Monday, 21 April 2014

Daddy's Girls

 When I discovered I was having a little girl, I instantly knew my child was going to be a Daddy’s girl. While I pride myself on being a pretty decent Mum, I have my failings. I can be selfish, spend too much time on my phone, I find playing with toys unbelievably boring and I am extremely impatient. Ava’s Dad, on the other hand, is none of these things. He has the patience of a saint and the concentration span of the Dalai Lama. He can spend hours doing the most inane of activities just to please her and he rarely loses his temper when she takes two and a half hours just to put her jacket on.

So I always knew what I was going to be up against. As a baby she was a blank piece of paper - more concerned with where her next rusk was coming from than picking a side. I breastfed her for the first year while her Dad went back to work after 2 weeks of paternity leave meaning she was pretty much stuck with me whether she liked it or not. But I knew, deep down, that when the time came and when she began to get that bit more independent, she would most definitely deflect. And deflect she did. I’m not saying my child dislikes me, far from it, but when it comes to her Dad she is his number one fan. When the three of us are in the same room together I barely get a look in. There is a powerful and intimate bond between the two of them that produces feelings of both pride and insecurity in me in equal measure.

After her father and I separated, I would be lying if I were to say that their close connection didn’t scare me a little. During a break-up, all you want to do is protect your offspring from any damage that it could cause. You worry about how living in two separate homes might affect them. You lie in bed at night terrified that no longer being a family may cause some deep-rooted issues. And selfishly, you worry that they might eventually not want to live with you anymore. Despite being told I am being silly, that thought terrifies me more than anyone will ever really understand. When you have a child, all you really care about is making them happy. So if Ava ever did make such a dramatic request then my answer would unequivocally be ‘yes’. It would be ‘do what makes you happy’. I have always taught Ava to respect, love and cherish her father. I will always remind her how much he cares for her and what a powerful ally he is. So if she wanted that then I would support her 100%. But when she wasn’t there the tears would fall and my heart would break.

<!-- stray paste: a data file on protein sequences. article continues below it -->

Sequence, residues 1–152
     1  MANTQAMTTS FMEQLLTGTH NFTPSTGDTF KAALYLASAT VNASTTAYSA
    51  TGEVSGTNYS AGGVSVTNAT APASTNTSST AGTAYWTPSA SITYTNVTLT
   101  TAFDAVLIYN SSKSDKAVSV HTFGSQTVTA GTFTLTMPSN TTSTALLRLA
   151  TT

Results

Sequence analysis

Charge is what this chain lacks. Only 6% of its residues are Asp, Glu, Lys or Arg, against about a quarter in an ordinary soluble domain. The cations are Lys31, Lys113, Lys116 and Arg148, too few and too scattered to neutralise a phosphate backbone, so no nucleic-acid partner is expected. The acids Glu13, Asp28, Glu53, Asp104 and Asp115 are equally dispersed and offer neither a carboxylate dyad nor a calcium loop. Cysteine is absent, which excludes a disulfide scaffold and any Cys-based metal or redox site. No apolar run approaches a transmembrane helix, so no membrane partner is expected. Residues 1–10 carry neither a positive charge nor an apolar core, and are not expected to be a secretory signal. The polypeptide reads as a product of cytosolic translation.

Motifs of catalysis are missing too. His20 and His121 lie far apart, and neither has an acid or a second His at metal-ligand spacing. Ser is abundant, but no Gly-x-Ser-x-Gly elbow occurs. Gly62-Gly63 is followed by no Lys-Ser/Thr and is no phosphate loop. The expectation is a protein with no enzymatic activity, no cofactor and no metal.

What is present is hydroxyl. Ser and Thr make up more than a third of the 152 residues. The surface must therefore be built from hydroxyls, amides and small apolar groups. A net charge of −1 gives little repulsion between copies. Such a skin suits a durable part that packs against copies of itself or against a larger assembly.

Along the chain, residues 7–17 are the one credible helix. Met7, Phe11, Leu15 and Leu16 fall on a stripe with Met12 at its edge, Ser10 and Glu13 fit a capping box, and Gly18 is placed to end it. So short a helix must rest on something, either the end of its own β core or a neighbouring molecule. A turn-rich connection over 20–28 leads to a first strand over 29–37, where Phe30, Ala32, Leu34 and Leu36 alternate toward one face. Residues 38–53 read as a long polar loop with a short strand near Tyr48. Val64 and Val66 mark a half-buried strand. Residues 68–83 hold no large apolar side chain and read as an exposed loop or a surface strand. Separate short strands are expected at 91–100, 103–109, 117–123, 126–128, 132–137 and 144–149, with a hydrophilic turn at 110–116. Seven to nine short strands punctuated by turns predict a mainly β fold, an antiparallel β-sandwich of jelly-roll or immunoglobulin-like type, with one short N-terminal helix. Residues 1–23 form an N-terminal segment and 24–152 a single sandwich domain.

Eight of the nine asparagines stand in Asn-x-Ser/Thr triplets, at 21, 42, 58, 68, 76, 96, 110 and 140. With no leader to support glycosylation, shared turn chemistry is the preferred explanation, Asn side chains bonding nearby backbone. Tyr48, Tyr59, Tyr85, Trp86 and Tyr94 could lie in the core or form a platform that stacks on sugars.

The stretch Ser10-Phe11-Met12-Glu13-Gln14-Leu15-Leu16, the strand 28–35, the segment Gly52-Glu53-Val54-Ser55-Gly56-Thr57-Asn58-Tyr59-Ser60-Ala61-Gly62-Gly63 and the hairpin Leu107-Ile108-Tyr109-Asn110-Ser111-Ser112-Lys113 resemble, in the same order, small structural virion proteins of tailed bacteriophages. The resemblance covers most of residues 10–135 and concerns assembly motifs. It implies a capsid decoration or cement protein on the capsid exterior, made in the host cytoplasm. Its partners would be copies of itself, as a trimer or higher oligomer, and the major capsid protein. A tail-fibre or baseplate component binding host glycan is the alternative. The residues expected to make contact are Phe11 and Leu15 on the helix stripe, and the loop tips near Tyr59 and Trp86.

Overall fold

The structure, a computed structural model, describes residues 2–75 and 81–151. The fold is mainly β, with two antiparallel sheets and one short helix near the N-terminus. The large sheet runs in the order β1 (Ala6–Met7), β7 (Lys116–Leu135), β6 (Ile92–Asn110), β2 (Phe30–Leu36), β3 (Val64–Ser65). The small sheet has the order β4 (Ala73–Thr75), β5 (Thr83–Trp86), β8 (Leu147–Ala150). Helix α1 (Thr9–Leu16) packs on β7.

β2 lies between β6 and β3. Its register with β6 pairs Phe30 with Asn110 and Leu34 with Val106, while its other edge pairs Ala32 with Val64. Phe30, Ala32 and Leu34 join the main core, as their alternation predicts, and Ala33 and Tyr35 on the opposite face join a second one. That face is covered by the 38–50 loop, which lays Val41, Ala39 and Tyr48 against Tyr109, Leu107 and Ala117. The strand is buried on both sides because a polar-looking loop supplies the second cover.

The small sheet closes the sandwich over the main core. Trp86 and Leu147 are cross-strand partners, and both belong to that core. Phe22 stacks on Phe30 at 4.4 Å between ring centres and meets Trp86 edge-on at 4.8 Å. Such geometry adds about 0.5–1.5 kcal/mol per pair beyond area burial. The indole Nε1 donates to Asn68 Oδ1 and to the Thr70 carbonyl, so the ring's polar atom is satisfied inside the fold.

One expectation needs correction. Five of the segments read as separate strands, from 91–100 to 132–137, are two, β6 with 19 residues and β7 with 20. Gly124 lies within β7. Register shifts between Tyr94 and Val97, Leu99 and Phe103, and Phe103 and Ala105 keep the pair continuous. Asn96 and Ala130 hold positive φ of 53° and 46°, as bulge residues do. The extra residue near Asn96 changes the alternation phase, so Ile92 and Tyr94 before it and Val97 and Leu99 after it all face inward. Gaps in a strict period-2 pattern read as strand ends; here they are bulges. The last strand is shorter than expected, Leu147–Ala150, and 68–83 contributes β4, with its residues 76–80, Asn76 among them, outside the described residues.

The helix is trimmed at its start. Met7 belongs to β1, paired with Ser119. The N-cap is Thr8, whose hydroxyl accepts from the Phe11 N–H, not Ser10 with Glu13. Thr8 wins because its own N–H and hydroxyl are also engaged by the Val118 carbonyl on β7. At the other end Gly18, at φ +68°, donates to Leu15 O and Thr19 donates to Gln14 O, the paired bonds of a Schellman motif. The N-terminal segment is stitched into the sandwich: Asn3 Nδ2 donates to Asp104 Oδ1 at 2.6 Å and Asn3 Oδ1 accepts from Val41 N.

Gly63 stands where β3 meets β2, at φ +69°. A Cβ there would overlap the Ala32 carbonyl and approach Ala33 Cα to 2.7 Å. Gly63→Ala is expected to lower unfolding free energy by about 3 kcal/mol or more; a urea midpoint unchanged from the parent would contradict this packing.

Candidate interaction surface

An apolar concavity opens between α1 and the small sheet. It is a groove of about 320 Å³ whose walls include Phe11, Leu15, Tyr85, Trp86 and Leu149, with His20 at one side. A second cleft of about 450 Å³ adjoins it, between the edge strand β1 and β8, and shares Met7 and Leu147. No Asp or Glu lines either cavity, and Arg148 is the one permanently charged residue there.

Thankfully, my insecurities at not being the apple of Ava’s eye are starting to appear a bit irrational and unfounded. Ava is a settled, grounded little girl who has adapted unbelievably well to having two homes. As she is only little I am constantly on the look out for any signs that said living arrangements are causing her any distress and would act in an instant if they were. I am discovering that when Ava gets a row at her Dad’s, she cries for her Mummy, just like she does the opposite with me. She throws herself into my arms when I arrive to pick her up after a few days apart and comes with me both excitedly and readily.  She snuggles into me constantly and tells me how much she loves me and it is me she looks for when an overcrowded soft play brings on a bout of shyness or when she wants a scraped knee kissed better.

Loving anything to a huge degree does not come without some form of fear and insecurity. When you value something to such a huge extent then it would be unnatural not to fear on some level that it might get taken away from you. Luckily for me it turns out that although she might be a bit of a Daddy’s girl at heart, there aren’t any ‘teams’ in Ava’s eyes. And if there were then there would still only be one team of three - with my gorgeous little Daddy’s girl at the helm of it.

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